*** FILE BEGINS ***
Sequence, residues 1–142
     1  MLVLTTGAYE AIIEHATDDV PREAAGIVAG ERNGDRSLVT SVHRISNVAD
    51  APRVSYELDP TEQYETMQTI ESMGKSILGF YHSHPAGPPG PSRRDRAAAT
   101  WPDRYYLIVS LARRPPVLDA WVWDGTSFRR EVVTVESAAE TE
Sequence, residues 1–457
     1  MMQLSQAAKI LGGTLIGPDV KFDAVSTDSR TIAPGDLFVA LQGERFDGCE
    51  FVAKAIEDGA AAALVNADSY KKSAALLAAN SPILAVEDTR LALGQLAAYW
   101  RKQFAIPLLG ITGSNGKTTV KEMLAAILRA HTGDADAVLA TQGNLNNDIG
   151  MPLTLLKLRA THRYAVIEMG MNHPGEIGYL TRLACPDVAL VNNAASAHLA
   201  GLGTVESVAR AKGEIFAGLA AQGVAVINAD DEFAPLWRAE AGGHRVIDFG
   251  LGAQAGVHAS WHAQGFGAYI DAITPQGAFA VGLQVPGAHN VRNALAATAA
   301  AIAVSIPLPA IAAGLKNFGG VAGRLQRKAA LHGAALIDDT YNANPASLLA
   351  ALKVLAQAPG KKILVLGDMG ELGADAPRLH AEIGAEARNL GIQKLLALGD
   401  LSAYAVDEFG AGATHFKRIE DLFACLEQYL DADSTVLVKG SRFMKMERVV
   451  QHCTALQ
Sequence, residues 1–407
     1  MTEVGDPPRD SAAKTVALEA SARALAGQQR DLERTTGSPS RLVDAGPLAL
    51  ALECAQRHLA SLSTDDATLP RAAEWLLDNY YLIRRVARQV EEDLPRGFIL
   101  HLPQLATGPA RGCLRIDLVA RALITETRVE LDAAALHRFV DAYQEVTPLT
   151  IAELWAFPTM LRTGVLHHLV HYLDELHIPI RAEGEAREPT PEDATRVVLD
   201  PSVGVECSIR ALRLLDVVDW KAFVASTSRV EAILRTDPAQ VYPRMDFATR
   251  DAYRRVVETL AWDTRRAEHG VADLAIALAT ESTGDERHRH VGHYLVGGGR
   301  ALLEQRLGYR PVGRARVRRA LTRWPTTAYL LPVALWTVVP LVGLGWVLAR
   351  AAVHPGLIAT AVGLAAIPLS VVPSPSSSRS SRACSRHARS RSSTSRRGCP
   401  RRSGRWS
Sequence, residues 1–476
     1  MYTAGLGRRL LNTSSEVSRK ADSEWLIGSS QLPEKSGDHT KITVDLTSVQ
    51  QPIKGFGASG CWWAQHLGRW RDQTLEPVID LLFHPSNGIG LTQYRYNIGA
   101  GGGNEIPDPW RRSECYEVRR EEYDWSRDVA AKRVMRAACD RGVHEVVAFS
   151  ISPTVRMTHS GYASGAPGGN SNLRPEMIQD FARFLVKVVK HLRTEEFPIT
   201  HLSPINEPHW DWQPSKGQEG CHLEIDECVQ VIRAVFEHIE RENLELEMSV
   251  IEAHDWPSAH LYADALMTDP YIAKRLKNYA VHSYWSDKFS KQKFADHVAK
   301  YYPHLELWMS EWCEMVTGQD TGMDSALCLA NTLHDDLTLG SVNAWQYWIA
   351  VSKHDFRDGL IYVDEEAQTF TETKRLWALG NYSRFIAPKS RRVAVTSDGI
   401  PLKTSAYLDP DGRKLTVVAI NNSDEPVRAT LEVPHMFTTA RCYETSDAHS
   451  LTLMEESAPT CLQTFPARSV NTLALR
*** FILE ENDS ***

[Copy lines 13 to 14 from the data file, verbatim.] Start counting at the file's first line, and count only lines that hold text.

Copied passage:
   351  ALKVLAQAPG KKILVLGDMG ELGADAPRLH AEIGAEARNL GIQKLLALGD
   401  LSAYAVDEFG AGATHFKRIE DLFACLEQYL DADSTVLVKG SRFMKMERVV